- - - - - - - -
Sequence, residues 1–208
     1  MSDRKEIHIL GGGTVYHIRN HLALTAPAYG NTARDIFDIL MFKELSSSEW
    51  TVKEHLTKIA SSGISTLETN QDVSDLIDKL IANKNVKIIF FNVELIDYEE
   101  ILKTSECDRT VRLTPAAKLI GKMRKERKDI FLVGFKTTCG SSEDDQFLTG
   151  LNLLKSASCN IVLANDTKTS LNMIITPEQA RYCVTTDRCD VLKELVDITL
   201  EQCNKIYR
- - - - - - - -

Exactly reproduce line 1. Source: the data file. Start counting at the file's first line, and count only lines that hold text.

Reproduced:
Sequence, residues 1–208